I think I’m losing my mind this time, this time…

Dear Friends,

I feel like I’m losing my mind because the world is terrible, and specifically because yesterday Alabama Governor Kay Ivey signed into law extremely restrictive legislation about abortion and women’s health care. There are sixteen other states currently with proposed laws to ban abortions, and I don’t understand why apparently Roe v. Wade is the one Supreme Court decision no one can leave the fuck alone. I feel like this is a dystopian nightmare. There are men in power who seek to strip away the rights of women using the Bible as their weapon, and while I don’t think they will win in the long run, I don’t think there are enough people enraged about abuses and violence against women to fully stop them, either. The degree to which they are intent on eroding our rights is horrifying. Women are not cattle. Women are not breeding animals here for your empire-building purposes. But my feelings on the topic seem to be irrelevant to the conversation. First of all, no one is proposing these laws in Maryland … yet. But I’m certain the same people who supported the anti-choice resolution in Anne Arundel County last year (which was narrowly rejected) will be paying attention for their opportunities here.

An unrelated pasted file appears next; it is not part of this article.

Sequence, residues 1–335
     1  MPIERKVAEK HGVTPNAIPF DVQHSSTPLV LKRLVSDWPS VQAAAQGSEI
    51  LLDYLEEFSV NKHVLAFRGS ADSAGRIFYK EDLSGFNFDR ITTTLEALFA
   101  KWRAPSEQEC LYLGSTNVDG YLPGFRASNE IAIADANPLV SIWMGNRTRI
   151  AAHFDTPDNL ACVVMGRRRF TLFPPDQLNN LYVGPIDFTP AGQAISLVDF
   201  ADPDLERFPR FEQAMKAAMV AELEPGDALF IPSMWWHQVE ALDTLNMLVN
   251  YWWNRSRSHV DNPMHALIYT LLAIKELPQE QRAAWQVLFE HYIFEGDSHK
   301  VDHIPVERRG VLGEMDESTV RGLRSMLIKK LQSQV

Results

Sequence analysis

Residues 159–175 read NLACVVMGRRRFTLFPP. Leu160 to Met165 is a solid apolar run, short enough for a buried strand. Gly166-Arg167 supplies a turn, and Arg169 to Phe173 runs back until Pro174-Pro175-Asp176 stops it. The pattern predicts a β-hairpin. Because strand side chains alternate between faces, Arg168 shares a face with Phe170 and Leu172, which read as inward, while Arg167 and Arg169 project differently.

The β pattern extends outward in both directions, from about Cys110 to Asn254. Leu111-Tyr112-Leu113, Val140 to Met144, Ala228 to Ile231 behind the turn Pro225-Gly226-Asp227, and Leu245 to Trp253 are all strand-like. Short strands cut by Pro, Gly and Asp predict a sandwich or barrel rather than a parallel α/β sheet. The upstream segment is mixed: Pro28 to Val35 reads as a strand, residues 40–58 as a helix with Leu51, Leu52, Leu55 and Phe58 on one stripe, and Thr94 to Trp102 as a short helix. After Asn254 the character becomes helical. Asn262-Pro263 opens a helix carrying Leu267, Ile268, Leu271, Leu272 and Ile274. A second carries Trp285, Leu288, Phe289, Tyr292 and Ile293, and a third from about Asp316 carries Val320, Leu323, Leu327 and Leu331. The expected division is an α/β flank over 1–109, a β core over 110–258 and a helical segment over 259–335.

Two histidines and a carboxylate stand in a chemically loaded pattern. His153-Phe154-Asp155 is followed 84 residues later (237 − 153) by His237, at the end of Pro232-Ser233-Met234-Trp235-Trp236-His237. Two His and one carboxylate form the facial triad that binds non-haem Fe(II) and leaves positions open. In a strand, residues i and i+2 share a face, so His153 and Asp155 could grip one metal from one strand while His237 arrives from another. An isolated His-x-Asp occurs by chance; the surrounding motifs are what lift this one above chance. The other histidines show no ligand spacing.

I don’t want to believe the world is horrible, but that’s where I am with it right now. I messaged my therapist about it the other day after I realized I don’t feel like I have anything to look forward to. I feel general dread about the state of the world. I don’t want any part of it lately. I don’t trust our political system at all. I have no idea how I will cope with reality if Donald Trump gets reelected. The damage that could be done in another 4 years is enough to make me consider suicide because I don’t believe our country could recover from it in my lifetime. And I feel angry because I — we, the female citizens of this country — haven’t done anything to deserve this.

I wish people would rise up in protest … but in a more serious way, in a way that actually scares people like Trump. I’m certain Donald Trump doesn’t give a damn about abortion rights, but his presence in the Oval Office holds open the door for the far right to enact all kinds of shady legislation. If anything, I think he’s just glad people are angry at someone other than him and talking about something other than the Mueller report. And this, too, is disgusting and cheap politics. This is what it’s like to be governed by a bully and a rapist.